How Pension Consolidation Will Impact Peoria

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Governor JB Pritzker says consolidation of fire and police pensions will increase funding and lessen the burden on taxpayers.

“[The pension funds] would earn an additional $820 million to $2.5 billion over the next five years alone,” said Pritzker during a press conference on Thursday.

Peoria Mayor Jim Ardis called the governor’s plan a good first step, “It’s gonna take a lot of pressure off the municipalities in particular for having to make up for the money they’re not making on their investment.”

City Councilman Tim Riggenbach agreed, saying it will open new doors for Peoria’s fire and police pensions.

“This is going to make more investment opportunities available because a lot of these funds are too small to hold the best investment opportunities,” said Riggenbach.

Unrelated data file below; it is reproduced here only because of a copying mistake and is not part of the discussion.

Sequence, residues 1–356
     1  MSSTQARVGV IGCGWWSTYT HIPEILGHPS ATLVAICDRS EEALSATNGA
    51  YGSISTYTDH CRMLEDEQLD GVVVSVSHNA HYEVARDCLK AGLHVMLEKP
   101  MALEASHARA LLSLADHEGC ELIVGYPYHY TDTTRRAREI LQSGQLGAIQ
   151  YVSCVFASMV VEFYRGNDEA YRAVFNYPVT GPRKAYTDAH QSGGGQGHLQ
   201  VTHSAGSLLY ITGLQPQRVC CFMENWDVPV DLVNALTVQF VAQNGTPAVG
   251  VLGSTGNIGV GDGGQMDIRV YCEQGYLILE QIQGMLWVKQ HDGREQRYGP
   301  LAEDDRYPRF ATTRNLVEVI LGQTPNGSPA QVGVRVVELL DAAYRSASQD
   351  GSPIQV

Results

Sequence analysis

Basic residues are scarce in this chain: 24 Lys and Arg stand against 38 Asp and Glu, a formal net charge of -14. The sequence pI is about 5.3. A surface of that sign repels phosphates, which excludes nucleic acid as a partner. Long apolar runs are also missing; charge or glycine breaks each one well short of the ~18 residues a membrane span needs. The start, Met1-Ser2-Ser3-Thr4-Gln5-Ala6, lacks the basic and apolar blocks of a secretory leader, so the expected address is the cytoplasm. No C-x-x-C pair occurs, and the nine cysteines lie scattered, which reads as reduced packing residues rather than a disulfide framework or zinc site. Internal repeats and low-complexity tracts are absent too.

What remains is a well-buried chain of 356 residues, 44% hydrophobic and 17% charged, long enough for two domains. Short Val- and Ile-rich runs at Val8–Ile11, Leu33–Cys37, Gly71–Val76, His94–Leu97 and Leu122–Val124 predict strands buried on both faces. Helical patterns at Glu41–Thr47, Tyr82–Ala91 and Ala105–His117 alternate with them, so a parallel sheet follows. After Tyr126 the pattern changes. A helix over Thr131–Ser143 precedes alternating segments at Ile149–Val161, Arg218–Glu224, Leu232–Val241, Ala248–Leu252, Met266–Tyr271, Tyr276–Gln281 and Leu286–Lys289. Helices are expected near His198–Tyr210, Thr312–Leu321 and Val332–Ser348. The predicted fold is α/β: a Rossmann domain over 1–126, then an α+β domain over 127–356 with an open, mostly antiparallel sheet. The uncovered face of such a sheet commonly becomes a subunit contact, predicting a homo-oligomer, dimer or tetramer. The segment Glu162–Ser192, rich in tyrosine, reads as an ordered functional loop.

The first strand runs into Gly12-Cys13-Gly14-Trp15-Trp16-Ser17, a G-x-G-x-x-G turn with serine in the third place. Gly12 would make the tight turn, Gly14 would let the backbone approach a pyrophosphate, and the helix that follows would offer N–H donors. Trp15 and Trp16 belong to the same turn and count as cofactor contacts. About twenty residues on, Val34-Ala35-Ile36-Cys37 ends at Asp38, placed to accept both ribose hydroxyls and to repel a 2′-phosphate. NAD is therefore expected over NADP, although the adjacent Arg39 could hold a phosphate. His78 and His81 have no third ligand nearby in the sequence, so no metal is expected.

But the Mayor says even if consolidation were to happen, the pension problem would be far from solved.

“”The most important thing that needs to be done, and the governor knows it, is look at the reamortization,” said Ardis.

Basically, cities throughout the state need more time to fund their pensions at least 90 percent by 2040. But, many of them, including Peoria, say 20 years is not enough time. Ardis says the state needs to issue an extension or a reamortization.”

“The reamortization  over a longer period of time is what all of our cities need to literally survive this financial timebomb.”

The mayor warns that even though consolidation may become a reality, it is important to continue working towards a fix for the pension system.

“While the consolidation is good, I really hope that people don’t get complacent,” he added.

As of right now, the governor has only proposed a plan. Pritzker hopes the General Assembly will address it once they reconvene on Springfield at the end of October.

Andy Weber

Andy Weber

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